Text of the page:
Guerrilla gardening: Lots to eat, and legal, too

TACOMA, Wash. -- When Kelda Miller finishes work, she rides around Puyallup, Wash., tending vegetable beds at offices, a church, some apartment blocks. In season, she'll pick fruit or greens, then head to her Sumner, Wash., home to a garden filled with enough produce for her to sell from her bicycle trailer on weekends.

What's unusual about Miller is that none of the spaces where she gardens are hers. Her gardens are on other people's land, the fruit she picks on other people's trees. It's called guerrilla gardening -- and it's legal, productive and surprisingly easy to do.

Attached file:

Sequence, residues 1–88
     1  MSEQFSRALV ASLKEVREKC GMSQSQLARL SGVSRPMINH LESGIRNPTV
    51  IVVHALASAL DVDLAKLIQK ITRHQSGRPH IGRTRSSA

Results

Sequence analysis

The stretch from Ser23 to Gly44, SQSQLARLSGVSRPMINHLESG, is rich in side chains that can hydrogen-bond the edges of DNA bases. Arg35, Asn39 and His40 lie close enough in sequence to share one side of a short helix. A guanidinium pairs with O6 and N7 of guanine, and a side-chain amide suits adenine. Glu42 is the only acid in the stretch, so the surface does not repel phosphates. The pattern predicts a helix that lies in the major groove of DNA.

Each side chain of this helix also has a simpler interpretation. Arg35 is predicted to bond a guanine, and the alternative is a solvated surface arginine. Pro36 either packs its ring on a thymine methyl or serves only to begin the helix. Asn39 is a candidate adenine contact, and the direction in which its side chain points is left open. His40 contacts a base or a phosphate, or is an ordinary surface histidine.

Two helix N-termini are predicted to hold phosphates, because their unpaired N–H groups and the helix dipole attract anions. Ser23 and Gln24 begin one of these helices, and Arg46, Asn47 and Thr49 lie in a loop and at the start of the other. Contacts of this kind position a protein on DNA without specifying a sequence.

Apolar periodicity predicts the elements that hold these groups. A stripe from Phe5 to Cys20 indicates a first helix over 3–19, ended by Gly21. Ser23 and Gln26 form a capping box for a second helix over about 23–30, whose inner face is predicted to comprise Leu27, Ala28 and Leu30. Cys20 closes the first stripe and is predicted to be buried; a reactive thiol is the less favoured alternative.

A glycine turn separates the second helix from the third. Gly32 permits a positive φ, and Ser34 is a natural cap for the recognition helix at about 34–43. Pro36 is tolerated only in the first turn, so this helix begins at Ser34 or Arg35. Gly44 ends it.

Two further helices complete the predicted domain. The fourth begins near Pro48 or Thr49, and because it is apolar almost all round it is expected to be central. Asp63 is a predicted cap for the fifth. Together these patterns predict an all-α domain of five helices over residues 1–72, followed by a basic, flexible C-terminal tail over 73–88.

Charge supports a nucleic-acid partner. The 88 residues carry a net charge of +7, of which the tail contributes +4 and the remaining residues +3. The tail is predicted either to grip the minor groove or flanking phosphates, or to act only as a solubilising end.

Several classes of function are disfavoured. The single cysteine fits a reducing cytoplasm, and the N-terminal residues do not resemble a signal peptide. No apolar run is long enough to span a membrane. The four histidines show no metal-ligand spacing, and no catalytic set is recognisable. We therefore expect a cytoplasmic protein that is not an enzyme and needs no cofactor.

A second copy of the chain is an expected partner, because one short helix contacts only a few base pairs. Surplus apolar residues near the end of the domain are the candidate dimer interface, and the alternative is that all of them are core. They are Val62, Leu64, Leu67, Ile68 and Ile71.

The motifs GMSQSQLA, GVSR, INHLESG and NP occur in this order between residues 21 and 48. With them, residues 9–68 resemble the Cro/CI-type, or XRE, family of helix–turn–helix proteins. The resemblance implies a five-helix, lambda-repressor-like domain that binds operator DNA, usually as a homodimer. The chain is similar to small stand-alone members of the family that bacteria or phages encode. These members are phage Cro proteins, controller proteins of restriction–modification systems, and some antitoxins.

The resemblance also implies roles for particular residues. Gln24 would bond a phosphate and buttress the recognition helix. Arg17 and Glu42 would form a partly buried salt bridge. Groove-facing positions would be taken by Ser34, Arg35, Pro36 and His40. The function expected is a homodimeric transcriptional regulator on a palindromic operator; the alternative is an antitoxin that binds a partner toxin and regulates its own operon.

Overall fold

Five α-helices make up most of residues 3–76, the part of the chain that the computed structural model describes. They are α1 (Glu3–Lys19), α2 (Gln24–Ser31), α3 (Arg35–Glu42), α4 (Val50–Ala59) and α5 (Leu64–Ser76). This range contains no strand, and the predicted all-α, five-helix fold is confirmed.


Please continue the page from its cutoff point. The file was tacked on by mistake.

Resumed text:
Other reasons for guerrilla gardening are obvious from her chamomile-scented kitchen: a food cupboard that supplies herbs and fresh or canned produce year-round for little cost. Miller also is a renter, without permanent land of her own. There are other reasons to guerrilla garden: beautifying unloved land, growing food for the hungry, building up soil. It's fairly simple to do: Just ask landowners if they mind you improving their garden, picking their fruit or taking a cutting.

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